Strenuous Leader: Carole Rankin & Jimmy Need Distance: approx. 11 miles
From Chipping we walk NW to Foot Fell and then climb Parlick (1417ft) and along the ridge to the cairn at Fair Snape Fell (1673ft) for hopefully amazing views. This is the main climb finished. We then cross the Saddle Fell and descend down to Saddle End Farm. From here we cross fields to Chipping Lawn and back to Chipping via fields, lanes and hopefully the River Hodder, River Loud and Gibbon Bridge for a cuppa or a pint. Could be muddy or soggy underfoot.
Moderate Leader: Dag Griffiths & Dennis Cookson Distance: 8 miles
The accent is approximately 1500 feet but this mostly comes in the first part of the walk. It is gradual and will be taken at a comfortable pace. The route from Chipping crosses fields to pass Saddle End Farm and climb onto Saddle Fell. A good path to the west takes us over Wolf Fell to the stone shelter at Snape Fell West, one of the greatest viewpoints in England. With the Yorkshire Big Three, the Lake District fells, the Isle of Man, the northern Peak District and much, much more to see in the 360 degree panorama, let’s hope the visibility is good. Lunch will be taken here weather permitting. On our return we can either skirt Parlick or go over the top, depending on the weather – the party could be given the option of doing either route, with Dennis and I leading a group each if necessary – very little difference in distance. Sticks might be useful for the steep descent to Fell Foot. The return to Chipping is via quiet country lanes which are reasonably flat.
Leisurely Leader: Sue Daniels Distance : 6.5 miles
Apart from near the end of the walk this is flat, and for a change, not too many stiles to go over. From the village we take field paths arriving at the Dog and Partridge pub around lunchtime. Last time we came here for a walk it was awful weather and the pub opened up a room for us and let us eat our lunch there. If the weather is bad, and they have the space there is a good chance that we could do this again. From the pub we follow one of the many ‘Quiet Lanes’ in Lancashire which has a gentle incline up past Black Hall, and with some good views around us as we walk back down to the village.
Easy Leader: Hazel Anderton & Ruth Melling Distance: 5 miles
A fairly easy flat walk to the east and south of Chipping mainly over grass fields with good views of Longridge Fell and the hills around. On route we skirt Townley Moss Woods and pass through the grounds of the posh Gibbon Bridge Hotel. The downside is that there are quite a few stiles, but only one is a bit awkward.
Notes On The Area
The ancient fell-side market town of Chipping has origins that go back beyond recorded history. It was mentioned in the Doomsday book as Chippenden. It is a village in the Ribble valley within the Forest of Bowland Area of Outstanding Natural Beauty. It has won a number of Best Kept Village competitions and has won the village section of the Royal Horticultural Society Britain in Bloom award picking up tourist awards in the process.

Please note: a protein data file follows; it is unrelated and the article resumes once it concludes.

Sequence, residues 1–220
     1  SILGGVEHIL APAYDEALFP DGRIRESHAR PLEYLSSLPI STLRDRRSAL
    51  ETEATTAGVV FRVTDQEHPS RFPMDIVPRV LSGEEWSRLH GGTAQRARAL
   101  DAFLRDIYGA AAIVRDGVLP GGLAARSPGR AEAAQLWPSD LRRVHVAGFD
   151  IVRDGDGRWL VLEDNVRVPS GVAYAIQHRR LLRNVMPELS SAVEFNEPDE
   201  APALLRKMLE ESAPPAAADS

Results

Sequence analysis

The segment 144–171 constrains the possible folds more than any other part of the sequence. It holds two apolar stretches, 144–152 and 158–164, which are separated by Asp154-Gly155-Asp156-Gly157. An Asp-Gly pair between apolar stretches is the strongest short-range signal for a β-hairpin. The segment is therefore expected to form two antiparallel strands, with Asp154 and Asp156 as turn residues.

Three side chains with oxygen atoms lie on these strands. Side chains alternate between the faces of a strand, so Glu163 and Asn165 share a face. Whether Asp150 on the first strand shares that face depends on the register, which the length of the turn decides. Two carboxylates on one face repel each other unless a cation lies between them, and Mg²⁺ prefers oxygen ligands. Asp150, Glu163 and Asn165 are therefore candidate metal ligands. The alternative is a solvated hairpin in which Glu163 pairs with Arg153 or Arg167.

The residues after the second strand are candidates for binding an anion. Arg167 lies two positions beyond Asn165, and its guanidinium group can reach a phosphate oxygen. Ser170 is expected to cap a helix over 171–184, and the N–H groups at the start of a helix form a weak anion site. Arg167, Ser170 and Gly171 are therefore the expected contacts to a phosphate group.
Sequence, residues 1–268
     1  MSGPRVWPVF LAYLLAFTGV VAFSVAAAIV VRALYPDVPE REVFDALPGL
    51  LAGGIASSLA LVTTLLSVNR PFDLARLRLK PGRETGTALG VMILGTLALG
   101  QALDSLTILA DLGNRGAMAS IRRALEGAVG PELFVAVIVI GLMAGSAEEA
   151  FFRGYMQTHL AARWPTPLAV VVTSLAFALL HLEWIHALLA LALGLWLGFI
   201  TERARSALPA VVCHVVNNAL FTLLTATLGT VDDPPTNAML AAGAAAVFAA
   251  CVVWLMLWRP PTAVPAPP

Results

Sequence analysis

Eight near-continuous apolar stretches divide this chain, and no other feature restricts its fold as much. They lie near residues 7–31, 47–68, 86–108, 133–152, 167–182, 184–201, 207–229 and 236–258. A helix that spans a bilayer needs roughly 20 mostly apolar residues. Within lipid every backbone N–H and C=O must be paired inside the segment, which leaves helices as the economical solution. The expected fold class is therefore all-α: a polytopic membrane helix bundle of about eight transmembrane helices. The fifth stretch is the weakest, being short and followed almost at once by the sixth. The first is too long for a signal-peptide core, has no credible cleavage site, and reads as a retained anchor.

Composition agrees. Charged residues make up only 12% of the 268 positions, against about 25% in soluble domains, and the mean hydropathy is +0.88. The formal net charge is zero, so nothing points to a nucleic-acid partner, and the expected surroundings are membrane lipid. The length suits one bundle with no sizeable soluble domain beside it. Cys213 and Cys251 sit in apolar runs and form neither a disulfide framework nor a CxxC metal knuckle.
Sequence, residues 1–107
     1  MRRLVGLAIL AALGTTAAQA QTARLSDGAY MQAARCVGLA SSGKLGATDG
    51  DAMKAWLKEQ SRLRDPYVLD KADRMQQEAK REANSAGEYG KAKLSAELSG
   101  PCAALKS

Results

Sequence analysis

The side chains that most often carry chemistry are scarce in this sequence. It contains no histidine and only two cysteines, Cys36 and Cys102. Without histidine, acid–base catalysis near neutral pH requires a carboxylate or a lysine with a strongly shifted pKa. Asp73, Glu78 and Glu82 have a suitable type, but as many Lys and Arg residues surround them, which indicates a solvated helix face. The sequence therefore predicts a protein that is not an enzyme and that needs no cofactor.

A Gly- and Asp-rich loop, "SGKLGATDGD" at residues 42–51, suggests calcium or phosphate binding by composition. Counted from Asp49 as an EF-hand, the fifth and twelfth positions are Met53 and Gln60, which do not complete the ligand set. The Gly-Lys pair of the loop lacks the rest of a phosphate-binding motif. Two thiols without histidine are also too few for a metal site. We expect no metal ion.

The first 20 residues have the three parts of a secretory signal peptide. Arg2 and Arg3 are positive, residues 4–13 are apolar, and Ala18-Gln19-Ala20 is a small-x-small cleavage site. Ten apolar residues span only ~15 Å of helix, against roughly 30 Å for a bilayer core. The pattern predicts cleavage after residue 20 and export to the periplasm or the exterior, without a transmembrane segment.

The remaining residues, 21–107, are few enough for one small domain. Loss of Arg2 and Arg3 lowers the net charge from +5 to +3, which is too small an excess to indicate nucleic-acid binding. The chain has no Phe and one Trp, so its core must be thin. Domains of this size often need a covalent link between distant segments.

Chipping acquired its status as a market centre during the Roman period. Wheat, being one of the primary staples of the Roman Army, was first cultivated in the newly cleared Vale of the Loud. This brought an age of prosperity to the district and a trading centre was soon established – with horses, salt, lime, wheat and other grains being the major commodities exchanged. With the demise of Roman influence, the fields fell into decay and only moss-land and the place-name ‘Wheatley’ attest to Chipping’s former ‘Golden Wealth’.
It thrived again in the Industrial Revolution when there were seven mills along Chipping Brook. Kirk Mill became famous for making chairs but sadly went into administration in 2010, an early victim of the recent recession.
There are three pubs in the area, the Sun Inn, the Tillitson’s Arms and the very smart Gibbon Bridge Hotel which would not let Hazel and Ruth in during their reccee.
A church was established in Chipping before 1230, but little is known of the early foundation. For the most part the present fabric of St Bartholomew’s represents the major restoration of 1873, but a few interesting pieces remain from former ages. The oldest of these is the cross base which stands next to a 16th century chest of Belgian origin. The base lost its position and shaft sometime after 1610. The font is by far the church’s finest piece. It dates from 1520, supposedly the gift from Bradley of Bradley Hall whose initials appear on one of the shields. In the churchyard stands a sundial upon stone steps with the date 1708 and the initials of the churchwardens of that time.
Parlick Pike is first mentioned in 1228 as ‘Pirloc’, a name which could have a Scandinavian derivation. Parlick, in the past, has been a rallying point for local Catholics, especially during the Jacobite Rebellions of the 18th century. Tales are told of lights burning on the summit at the very dead of night, where men would set out their plans against the Hanoverians. Today the Pike is a rallying point for hand-gliding enthusiasts who play on the thermals that rise up from the valley below.
Chipping Craft Centre has the honour of being a building used as a shop for the longest time in the UK. These days it has a newsagent’s, a tea shop, craft centre and a part time Post Office. There has been a well-known agricultural and horticultural show here since 1920, and since 1998 Chipping Steam Fair takes place over the Spring Bank holiday.